AffiliationPaterson Institute for Cancer Research, Christie Hospital and Holt Radium Institute, Manchester, UK.
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AbstractDNA repair confers resistance to anticancer drugs which kill cells by reacting with DNA. A review of our current information on the topic will be presented here. Our understanding of the molecular biology of repair of 0(6)-alkylguanine adducts in DNA has advanced as a result of the molecular cloning of the E. coli ada gene but the precise role of this lesion in the cytotoxic effects of alkylating agents in mammalian cells is not completely understood. Less progress has been made in understanding the enzymology and molecular biology of DNA cross-link repair even though such lesions are important for the cytotoxic effects of the widely used bifunctional alkylating agents and platinum compounds. It is evident that drug sensitive or resistant phenotypes are as highly complex as are the effects of DNA damage on cell metabolism and various aspects of these effects are discussed. Few clear correlations have been made between quantitative differences in DNA repair capacity and cellular sensitivity but assays which were developed to measure fidelity and intragenomic heterogeneity in DNA repair are beginning to be applied. Such studies may reveal subtle differences between sensitive and resistant cell lines. The molecular cloning of human DNA repair genes by transfection into drug sensitive rodent cells has been attempted. Some success has been achieved in this area but the functions of the cloned genes have yet to be identified.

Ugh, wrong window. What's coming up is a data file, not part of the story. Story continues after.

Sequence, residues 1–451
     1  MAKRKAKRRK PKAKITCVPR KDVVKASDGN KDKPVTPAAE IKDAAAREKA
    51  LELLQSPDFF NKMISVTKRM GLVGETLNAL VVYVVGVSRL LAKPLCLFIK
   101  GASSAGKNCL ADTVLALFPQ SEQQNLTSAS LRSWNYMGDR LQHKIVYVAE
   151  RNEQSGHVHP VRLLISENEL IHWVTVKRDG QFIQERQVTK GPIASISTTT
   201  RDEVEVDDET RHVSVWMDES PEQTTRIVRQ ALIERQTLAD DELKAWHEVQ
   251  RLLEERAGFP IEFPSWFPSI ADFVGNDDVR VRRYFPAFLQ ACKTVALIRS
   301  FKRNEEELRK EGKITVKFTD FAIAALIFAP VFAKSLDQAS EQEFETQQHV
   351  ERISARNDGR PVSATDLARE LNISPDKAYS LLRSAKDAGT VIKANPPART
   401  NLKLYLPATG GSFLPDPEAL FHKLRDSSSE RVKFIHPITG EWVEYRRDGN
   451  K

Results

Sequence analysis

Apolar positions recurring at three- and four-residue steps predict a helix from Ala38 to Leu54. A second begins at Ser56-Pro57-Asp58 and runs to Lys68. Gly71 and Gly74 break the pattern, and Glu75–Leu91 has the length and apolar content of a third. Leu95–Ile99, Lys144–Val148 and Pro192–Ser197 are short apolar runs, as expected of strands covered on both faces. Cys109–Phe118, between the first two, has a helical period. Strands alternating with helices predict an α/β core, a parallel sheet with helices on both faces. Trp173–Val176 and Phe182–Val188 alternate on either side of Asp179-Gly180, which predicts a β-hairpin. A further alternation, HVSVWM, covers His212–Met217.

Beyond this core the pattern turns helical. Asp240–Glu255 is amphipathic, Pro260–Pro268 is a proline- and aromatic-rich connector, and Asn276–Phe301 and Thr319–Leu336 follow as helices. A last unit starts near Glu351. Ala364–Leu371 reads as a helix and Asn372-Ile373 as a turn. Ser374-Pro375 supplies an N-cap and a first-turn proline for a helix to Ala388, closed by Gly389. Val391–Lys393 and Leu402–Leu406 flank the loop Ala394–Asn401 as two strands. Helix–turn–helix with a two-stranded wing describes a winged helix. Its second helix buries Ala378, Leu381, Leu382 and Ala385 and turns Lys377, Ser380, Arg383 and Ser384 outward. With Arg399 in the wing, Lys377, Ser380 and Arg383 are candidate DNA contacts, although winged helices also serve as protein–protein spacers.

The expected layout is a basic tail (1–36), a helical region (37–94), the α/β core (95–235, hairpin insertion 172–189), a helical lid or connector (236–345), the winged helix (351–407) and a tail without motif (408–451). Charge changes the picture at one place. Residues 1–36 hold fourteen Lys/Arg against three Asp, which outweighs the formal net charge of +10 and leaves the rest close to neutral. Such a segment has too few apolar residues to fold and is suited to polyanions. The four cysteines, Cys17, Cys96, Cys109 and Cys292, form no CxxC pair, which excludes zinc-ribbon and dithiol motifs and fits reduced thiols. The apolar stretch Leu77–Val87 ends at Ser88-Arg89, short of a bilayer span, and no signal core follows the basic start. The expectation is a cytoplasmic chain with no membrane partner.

CitationDrug resistance and DNA repair. 1987, 6 (3):261-81 Cancer Metastasis Rev.
JournalCancer Metastasis Reviews